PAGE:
I unbolted the four front axle mounts, which allowed the assembly to drop a little bit. Unbolted the 6 bolts from each CV flange. The axle assembly will not just drop down and out, but I didnt need it to. The pumpkin hits some bracketry and stops movement. If I was going to totally remove it, I think you would have to also remove the center link, allowing the assembly to rotate forward, then drop down. Also, you might have to do some grinding on the lower control arms to allow the CV flanges enough room. For oil pan removal, it is necessary to remove the torque converter shield, starter, and oil line sandwich adapter (im asssuming this is where the oil filter is on trucks without remote filters). From there, its just a matter of removing the pan bolts and youre all set.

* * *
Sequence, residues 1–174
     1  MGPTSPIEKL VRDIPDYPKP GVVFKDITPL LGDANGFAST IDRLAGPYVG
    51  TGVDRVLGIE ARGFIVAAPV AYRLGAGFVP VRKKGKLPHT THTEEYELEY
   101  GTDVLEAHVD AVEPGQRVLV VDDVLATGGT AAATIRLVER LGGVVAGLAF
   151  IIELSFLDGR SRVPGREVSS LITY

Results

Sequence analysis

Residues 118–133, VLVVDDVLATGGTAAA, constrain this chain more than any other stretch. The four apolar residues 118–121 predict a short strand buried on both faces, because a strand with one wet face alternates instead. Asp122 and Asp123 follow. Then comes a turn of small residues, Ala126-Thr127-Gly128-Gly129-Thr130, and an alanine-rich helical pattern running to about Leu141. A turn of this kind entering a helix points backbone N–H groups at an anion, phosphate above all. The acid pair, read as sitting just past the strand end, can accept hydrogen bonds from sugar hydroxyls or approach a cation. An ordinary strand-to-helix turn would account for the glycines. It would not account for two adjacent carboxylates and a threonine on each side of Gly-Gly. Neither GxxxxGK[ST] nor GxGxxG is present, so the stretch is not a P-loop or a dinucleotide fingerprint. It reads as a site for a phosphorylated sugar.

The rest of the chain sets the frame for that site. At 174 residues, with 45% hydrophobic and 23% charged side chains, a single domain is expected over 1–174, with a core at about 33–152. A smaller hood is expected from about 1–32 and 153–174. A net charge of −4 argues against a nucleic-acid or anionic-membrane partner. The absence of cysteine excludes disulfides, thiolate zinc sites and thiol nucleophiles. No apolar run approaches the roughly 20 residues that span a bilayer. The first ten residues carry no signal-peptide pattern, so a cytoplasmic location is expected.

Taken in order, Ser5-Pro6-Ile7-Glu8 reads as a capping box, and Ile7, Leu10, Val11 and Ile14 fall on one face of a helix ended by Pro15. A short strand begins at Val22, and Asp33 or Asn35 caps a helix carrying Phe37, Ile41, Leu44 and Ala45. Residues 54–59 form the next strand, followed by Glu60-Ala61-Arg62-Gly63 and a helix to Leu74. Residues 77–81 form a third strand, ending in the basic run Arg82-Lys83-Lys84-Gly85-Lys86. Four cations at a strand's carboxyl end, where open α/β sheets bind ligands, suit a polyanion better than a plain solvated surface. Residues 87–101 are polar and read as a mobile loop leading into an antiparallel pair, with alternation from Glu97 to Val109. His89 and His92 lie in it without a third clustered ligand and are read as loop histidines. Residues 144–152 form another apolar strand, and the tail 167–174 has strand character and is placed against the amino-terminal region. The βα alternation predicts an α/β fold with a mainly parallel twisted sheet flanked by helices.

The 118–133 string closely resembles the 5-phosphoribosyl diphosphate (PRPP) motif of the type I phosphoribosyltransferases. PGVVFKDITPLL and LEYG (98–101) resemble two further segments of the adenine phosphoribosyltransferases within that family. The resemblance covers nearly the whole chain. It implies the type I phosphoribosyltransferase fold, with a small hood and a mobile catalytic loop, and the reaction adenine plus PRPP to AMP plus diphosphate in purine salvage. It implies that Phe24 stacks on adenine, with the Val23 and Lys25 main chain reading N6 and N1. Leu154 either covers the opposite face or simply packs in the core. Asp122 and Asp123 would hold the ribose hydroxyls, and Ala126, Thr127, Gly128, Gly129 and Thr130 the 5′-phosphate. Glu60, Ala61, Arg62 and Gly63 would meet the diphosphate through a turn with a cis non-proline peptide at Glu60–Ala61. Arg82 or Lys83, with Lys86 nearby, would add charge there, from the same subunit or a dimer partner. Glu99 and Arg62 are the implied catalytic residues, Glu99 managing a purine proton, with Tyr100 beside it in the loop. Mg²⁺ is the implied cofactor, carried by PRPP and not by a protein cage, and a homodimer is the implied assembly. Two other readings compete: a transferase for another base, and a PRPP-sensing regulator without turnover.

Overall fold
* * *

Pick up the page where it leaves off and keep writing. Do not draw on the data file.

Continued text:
Old 04-11-2011, 05:02 PM
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Wow! You just scared me out of replacing my pan gasket in my yard-my 165K Jimmy is only very barely undercoating the underside of the unit with rust protectant (oil)-I only lose a 1/4 qt. in 4K-and no drips in the driveway either-oil cooling lines look fine as well! I think its the front seal....and pan gasket would be prerequisite in that job anyway-so I am going to leave mine alone for the time being!
Sometimes it seems like the factors involving repairs on these units seem too much to overcome... Well just try working on the new units! We have about a 10 year parts supply left on these before they are toast-pick up as many parts as you can! So many of these are there for the taking! If you see one:BUY IT!
Old 04-11-2011, 06:16 PM